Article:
Parts of northeastern China under fresh lockdown as delta variant hits Dalian

Some 800,000 people in Dalian and Zhuanghe are now confined to their homes, as schools close.
By Qiao Long and Gigi Lee
Parts of northeastern China under fresh lockdown as delta variant hits Dalian People line up for nucleic acid testing at a testing site in Jinpu New Area following an outbreak o COVID-19 in Dalian, in northeast China's Liaoning province, Nov. 8, 2021.
CNS photo via Reuters

China placed parts of the northeastern city of Dalian under lockdown over the weekend, amid a fresh wave of cases of the delta coronavirus variant.

Health authorities said they had confirmed 32 new confirmed COVID-19 cases on Nov. 14, most of which were domestically transmitted in Dalian, bringing the total number of confirmed cases since Oct. 17 to 1,308, Reuters reported.

Neighboring cities are now quarantining arrivals from Dalian for 14 days before allowing them to move around freely, the agency said.

Schools have been closed, and some 800,000 people in Dalian, a city of 7.5 million, are now confined to their homes, with municipal officials citing large numbers of asymptomatic infections linked to clusters in schools, companies and families.

A resident of northeast China surnamed Li said the ongoing pandemic in the region is likely linked to the low effectiveness of domestic COVID-19 vaccines.

"They force us to get vaccinated, then they don't worry too much about people catching it after that," Li said. "But even [premier] Li Keqiang has said the quality of [Chinese-made] vaccines isn't high enough."

"The people who have to suffer for all of this are those stuck at home in isolation," she said. "Restrictions in Dalian are pretty tight -- don't even think about going anywhere."

"One social media user in Dalian said they had all had to do a PCR test for the third time [since the outbreak began], and there was always someone testing positive," Li said.

The Dalian Epidemic Prevention and Control Center also imposed a lockdown on Zhuanghe city, which it administers, warning the city's 400,000 residents to stay home on pain of penalties if they try to go out, amid a cluster of dozens of COVID-19 cases among students in the city.

Sources never clear

Zhang Hai, a family member of one of the earliest victims of the pandemic in the central city of Wuhan, said the ruling Chinese Communist Party (CCP) doesn't seem to be able to deliver its "zero-COVID" policy on the ground.

"We keep getting an outbreak here, an outbreak there," Zhang said. "I always think that it's never clear what the source of each outbreak is."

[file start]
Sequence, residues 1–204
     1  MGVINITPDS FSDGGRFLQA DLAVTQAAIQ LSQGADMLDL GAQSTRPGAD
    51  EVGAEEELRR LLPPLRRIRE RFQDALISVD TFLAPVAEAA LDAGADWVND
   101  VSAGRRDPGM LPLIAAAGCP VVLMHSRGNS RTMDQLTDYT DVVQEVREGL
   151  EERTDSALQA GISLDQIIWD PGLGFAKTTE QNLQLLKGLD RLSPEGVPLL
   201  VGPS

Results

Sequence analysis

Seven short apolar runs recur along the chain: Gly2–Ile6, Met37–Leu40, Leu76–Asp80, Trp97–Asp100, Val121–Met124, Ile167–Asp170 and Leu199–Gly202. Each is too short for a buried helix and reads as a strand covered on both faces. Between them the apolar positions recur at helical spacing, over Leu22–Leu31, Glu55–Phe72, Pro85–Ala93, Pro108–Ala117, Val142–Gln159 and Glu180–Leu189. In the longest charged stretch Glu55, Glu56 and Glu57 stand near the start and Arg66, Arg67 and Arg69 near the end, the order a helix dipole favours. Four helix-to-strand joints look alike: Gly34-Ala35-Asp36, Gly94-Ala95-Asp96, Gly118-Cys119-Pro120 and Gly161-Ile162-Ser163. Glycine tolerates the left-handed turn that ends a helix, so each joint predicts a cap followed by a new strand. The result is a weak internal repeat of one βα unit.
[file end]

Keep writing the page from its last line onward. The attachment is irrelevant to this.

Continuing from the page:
"They get a problem here, and try to imposed restrictions and lockdowns, then it pops up over there, and they lock down, and so it goes," he said.

"They really need to get a clear handle on the source to control these outbreaks effectively."

People line up for nucleic acid testing at a residential compound in Dalian, northeast China's Liaoning province, Nov. 10, 2021. CNS photo via Reuters

Outbreaks at universities

Meanwhile, new clusters of delta cases were also being reported at universities in Beijing.

Peking University closed its gates on Nov. 12 after a number of cases were confirmed on campus, and staff in full protective gear were seen disinfecting public areas of the university.

Local media quoted a staff member as saying that while the measures were in response to students who had caught "colds," the university isn't under lockdown, however.

Coronavirus expert Liang Wannian told state broadcaster CCTV that the government is no longer trying to maintain a "zero COVID" policy, but instead zeroing in on emerging clusters with targeted measures.

Commentator He Bin, who is familiar with public health procedures, said the partial lockdowns are now just "face-saving" exercises for local officials.

"Any action that is part of pandemic measures in China is political," He said. "The 'targeted measures' for COVID-19 is a face-saving project, much like the 'elimination of poverty'."

He said the failure to contain delta didn't bode well for the 2022 Winter Olympics in Beijing in February.

"I don't think it will be possible to clear this outbreak by then," he said.

He said the current method of scattergun lockdowns had spawned all manner of economic benefits for cash-strapped local governments, who he said were profiteering from supplying groceries and PCR tests to people under lockdown.

"The pandemic economy is pretty profitable right now," He said.

Translated and edited by Luisetta Mudie.


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